Home Free

Onstage and off, the Dixie Chicks changed the way they do business

"I think they were just sort of waiting on me, when I felt ready after I had Slade, to get back to work again," Natalie Maines says.

Hearing his cue, 18-month-old Jackson Slade Pasdar (the namesake of Home's show-off instrumental, "Lil' Jack Slade") begins chattering away in the background. It makes sense that he's here, too, because everything that happened in the past year has at least a little bit to do with him and Charles Augustus, the son Robison is expecting three weeks after the Chicks' October 19 gig at the Cotton Bowl. ("It'll be a show to see, for sure," Maines says. She laughs, like a kid with an armful of balloons. "I don't know that anybody has ever been onstage that pregnant...She has one of the largest bellies I've ever seen. I cannot believe that there is only one baby in there. But she's working it out, and she's a trooper.") The Dixie Chicks walked away because Maines was pregnant; they came back, in part, because Robison was.

"There were little victories, and really not a lot of huge victories," Maguire says, referring to the months-long dispute that cost the group more than $1 million in legal fees. "But after a year-and-a-half battle, we kind of felt like we're just three individuals, with a baby and a baby on the way. We can't put our lives and our careers on the line. We want to make music, and we won't become jaded by the business aspect of what we do." She adds, "I think there's a lot of things that need to be changed in the business."

They settled with Sony, but the Dixie Chicks--from left, 
Emily Robison, Martie Maguire and Natalie Maines--are 
still pushing for change.
James Minchin
They settled with Sony, but the Dixie Chicks--from left, Emily Robison, Martie Maguire and Natalie Maines--are still pushing for change.
On Home, the Dixie Chicks found a new kind of 
wide-open spaces.
James Minchin
On Home, the Dixie Chicks found a new kind of wide-open spaces.


October 19
Cotton Bowl

Even though their battle with Sony more or less ended in a draw, they haven't shied away from that stance. It's even there on Home, if you choose to read between the lines, find the hate in the middle of its love songs. For instance, "Truth No. 2": "You don't like the sound of the truth/Coming from my mouth/You say that I lack the proof." Or "Tortured, Tangled Hearts," which they co-wrote with Nashville great Marty Stuart: "Such pretty words and golden rings/It was a broken dream right from the start." There's one much more obvious example. You have to open up the jewel case to see it, but still, it's hard to miss. There it is, on the back of the booklet accompanying the disc, in black block letters, filling the entire frame: WE ARE CHANGING THE WAY WE DO BUSINESS.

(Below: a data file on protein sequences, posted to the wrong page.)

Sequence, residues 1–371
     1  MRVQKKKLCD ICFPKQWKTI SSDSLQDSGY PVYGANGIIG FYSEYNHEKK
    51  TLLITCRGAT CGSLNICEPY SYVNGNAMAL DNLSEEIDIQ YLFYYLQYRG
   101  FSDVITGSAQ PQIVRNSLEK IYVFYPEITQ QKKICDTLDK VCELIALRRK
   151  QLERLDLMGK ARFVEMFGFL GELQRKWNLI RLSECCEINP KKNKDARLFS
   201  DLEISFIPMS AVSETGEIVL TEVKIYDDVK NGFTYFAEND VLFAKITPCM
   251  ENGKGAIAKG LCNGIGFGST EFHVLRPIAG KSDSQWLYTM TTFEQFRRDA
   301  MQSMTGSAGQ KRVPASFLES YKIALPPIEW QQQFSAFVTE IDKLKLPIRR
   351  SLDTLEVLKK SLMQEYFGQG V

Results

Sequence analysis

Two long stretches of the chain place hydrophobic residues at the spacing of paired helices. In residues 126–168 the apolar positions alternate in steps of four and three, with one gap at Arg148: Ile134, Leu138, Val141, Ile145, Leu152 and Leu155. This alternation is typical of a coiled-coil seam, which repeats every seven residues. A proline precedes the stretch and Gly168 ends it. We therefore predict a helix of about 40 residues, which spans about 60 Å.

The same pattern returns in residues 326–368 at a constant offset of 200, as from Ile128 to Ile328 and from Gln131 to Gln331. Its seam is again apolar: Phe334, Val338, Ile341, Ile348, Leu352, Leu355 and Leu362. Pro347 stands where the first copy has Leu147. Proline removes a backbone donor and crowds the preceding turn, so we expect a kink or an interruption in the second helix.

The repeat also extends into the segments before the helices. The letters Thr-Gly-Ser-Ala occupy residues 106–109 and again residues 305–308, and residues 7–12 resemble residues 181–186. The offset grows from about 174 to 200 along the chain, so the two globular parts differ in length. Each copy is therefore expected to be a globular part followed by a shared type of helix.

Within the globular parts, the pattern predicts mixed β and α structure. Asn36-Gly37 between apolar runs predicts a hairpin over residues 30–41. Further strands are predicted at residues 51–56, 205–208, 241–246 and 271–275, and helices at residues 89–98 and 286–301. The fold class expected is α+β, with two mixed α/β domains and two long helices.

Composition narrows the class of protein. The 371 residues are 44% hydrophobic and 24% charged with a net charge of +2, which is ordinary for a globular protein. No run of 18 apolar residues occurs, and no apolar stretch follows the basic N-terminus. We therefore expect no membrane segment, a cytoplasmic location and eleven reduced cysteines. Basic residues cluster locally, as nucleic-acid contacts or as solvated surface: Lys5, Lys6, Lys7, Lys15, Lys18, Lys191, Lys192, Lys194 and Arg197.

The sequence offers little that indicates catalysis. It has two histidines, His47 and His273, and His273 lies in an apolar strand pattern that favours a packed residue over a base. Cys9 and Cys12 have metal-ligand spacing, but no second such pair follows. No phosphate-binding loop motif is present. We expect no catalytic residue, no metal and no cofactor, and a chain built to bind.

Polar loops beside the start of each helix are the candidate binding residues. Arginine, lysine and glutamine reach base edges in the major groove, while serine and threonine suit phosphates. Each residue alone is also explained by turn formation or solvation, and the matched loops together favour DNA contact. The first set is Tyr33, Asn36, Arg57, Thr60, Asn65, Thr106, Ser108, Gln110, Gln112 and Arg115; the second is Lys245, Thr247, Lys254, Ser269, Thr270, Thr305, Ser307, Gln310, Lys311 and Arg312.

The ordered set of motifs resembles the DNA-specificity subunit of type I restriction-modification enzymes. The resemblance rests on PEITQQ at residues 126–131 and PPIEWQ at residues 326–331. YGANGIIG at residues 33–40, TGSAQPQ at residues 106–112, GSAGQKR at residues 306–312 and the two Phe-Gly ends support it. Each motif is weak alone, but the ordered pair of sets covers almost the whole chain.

It is, perhaps, one last reminder of the year before Home was released. Or maybe that sign on the back of the CD booklet is just a warning to listeners, letting them know in advance that Home doesn't follow the familiar path of the group's previous two efforts, 1998's Wide Open Spaces and 1999's Fly. Still commercial, in its own way, but not like the albums that moved more than 22 million copies on the strength of such radio hits as "There's Your Trouble" and "Ready to Run." Home is somewhat of a return to Robison and Maguire's Deep Ellum street corner beginnings, minus the cowgirl fringe and novelty twinge. And it's a chance for Maines to show her deepening love for the bluegrass music Robison and Maguire introduced her to when she joined the band before Wide Open Spaces. But while there's plenty of picking on Home, there's not much grinning. (Save, of course, for "White Trash Wedding," which mows through the bluegrass with its "I shouldn't be wearing white/And you can't afford no ring" punch line.)

Actually, that message on the back is both. Or neither.

"We did that photo shoot a year and a half before the album," Maines says. "The photographer had taken a shot of that sign in a store window. We'd never even seen that picture until [art director] Kevin Reagan sent us the artwork." She laughs. "We've never heard a comment about that from the label." She laughs some more. "I was a little surprised they didn't care about that. And you know, they've given us freedom to do what we want to do, as far as that goes. You know, they know that we are going to continue to be a part of the RAC and be political in that way, and they don't try to stop us."

Not like they have much choice. Home is the Dixie Chicks' most critically successful album yet, and judging from its first month of sales figures, its final tally should rank right alongside Fly and Wide Open Spaces. It debuted at No. 1 on the Billboard 200, not to mention Billboard's country chart, with the highest first-week sales--just shy of 780, 000--of any female group in the SoundScan era, which began in May 1991. In comparison, Fly debuted at No. 1 on the Billboard 200 as well (the first country album to do so), but it sold less than half (341,138) as many copies.

That said, Home is less about making a political statement than a musical one. And it doesn't have anything to do with the state of country music, even if some people got that idea from the first single, Darrell Scott's "Long Time Gone," with its "Now they sound tired but they don't sound Haggard/They got money but they don't have Cash" dig. It doesn't have anything to do with the music business, though many may have expected 12 tracks of protest poetry. More than anything, it's a pencil mark against the doorjamb showing how much they've grown. That was who we were then, it says; this is who we are now.

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